Washington (CNN) - A federal ban on "soft money" campaign donations to political parties can remain in place, a special federal court panel ruled Friday.
The decision preserves a key provision of the McCain-Feingold campaign reform act, which limits contributions to national, state, and local political parties. The case is likely to reach the Supreme Court in coming months.
In a separate and equally important court ruling, the federal government is still prevented from limiting donations to independent political groups.
These are the first two court rulings on campaign spending since a landmark Supreme Court decision on corporate campaign spending in January.
"Soft money" refers to unregulated, unlimited contributions to political parties for what are called "party-building" activities. Traditionally, soft money donations have been used for get-out-the vote drives, voter registration efforts and ads that say "Vote for Democrats" or "Vote for Republicans."
Potential uses of soft money, however, were limited by Congress with the passage of the 2002 Bi-Partisan Campaign Reform Act, known as McCain-Feingold for its Senate sponsors, Sen. John McCain, R-Arizona, and Sen. Russ Feingold, D-Wisconsin.
The Supreme Court upheld that key provision in 2003. It is one of the few parts of the bill to survive repeated court challenges.
The current case deals with a challenge from the Republican National Committee and local GOP groups in California, who sought unlimited donations from individuals.
The court avoided a broad reading of the free speech questions raised by the plaintiffs, who sought treatment of money going to political parties and candidates equal to that enjoyed by private groups.
"As a lower court, we do not possess the authority to refine" the 2003 high court ruling, the three judges wrote. "Under current law, outside groups - unlike candidates and political parties - may receive unlimited donations both to advocate in favor of federal candidates and to sponsor issue ads. We recognize the RNC's concern about this disparity, which, it argues, discriminates against the national political parties in political and legislative debates. But that is an argument for the Supreme Court or Congress."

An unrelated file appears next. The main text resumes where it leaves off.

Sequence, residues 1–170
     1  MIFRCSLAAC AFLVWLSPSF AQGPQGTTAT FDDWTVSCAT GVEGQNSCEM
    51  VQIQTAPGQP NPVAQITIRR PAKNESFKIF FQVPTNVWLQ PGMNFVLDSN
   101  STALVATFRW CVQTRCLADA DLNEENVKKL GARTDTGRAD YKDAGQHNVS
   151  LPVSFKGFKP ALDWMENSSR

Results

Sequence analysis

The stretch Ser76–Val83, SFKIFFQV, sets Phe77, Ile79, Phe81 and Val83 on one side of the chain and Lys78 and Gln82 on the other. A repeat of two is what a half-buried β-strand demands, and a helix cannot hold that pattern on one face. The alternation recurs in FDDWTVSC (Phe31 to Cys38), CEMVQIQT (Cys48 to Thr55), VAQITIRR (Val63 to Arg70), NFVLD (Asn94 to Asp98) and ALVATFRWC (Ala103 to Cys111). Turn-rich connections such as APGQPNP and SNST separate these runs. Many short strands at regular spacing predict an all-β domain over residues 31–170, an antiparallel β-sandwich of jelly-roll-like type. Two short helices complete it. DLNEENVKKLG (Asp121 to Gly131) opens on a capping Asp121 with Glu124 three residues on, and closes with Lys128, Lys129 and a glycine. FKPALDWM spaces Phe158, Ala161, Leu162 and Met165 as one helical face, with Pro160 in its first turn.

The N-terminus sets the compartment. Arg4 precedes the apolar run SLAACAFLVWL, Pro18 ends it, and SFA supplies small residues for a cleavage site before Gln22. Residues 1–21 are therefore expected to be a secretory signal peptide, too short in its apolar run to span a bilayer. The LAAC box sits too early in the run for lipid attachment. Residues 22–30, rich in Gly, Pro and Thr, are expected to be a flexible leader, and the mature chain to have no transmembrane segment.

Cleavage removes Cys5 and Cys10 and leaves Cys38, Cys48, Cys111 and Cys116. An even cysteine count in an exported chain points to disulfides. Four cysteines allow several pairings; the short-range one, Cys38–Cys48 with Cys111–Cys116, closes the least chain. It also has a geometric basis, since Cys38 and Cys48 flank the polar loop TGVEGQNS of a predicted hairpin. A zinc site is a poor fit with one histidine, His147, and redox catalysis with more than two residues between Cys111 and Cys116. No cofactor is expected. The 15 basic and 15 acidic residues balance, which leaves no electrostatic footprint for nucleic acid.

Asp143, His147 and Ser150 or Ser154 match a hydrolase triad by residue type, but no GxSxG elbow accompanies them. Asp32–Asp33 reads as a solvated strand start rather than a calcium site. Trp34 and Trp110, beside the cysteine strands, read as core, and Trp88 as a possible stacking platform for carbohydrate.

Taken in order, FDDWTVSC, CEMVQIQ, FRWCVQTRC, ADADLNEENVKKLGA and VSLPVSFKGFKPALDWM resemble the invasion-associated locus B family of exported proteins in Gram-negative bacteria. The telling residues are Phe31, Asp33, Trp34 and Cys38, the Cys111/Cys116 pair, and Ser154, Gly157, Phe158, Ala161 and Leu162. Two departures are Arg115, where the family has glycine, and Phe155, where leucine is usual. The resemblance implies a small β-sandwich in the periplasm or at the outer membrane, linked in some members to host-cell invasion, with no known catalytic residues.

That makes a high court challenge likely. The national committee sought the flexibility to raise soft money for state elections, congressional redistricting, and other expenses it claimed are unrelated to federal elections.
In the separate case, a unanimous panel on the U.S. Court of Appeals in Washington ruled Friday the conservative group SpeechNow.org can continue to raise and spend unlimited sums for independent campaign advertising, but must still regularly release names of its donors, along with other information.
The decision was "a tremendous victory for free speech" said Steve Simpson, an attorney who represented the group, who added that it "ensures that all Americans can band together to make their voices heard during elections."
All this comes more than two months after the Supreme Court issued a ruling that crafted a sweeping overhaul of campaign spending. In the so-called Citizens United case, a conservative majority eased long-standing restrictions on "independent spending" by corporations in political campaigns. It gave gave big business, unions and non-profits more power to spend freely in federal elections, negating to a large extent a century of government efforts to regulate the power of corporations to bankroll American politics.
The subsequent rulings Friday illustrate the ongoing anxiety and aggressiveness in this election year among a range of political parties and groups to navigate and challenge the growing complexity in campaign regulations. The Citizens United and SpeechNow decisions promise to open up the campaign coffers and ideological rhetoric among private groups seeking a voice in the crowded political arena.
There was no immediate reaction to the rulings from the Republican National Committee or federal regulators.
The SpeechNow decision does not affect spending by political action committees, separate groups created by corporations, unions and others that can contribute directly to federal candidates and party committees. PAC money has a $5,000-per-candidate limit, and must be funded through voluntary contributions from employees, members, or individuals, not by money directly from corporate or union treasuries.
The soft money case is Republican National Committee v. Federal Election Commission (08-1953). The independent spending case is SpeechNow.org v. Federal Election Commission (No. 08-5223).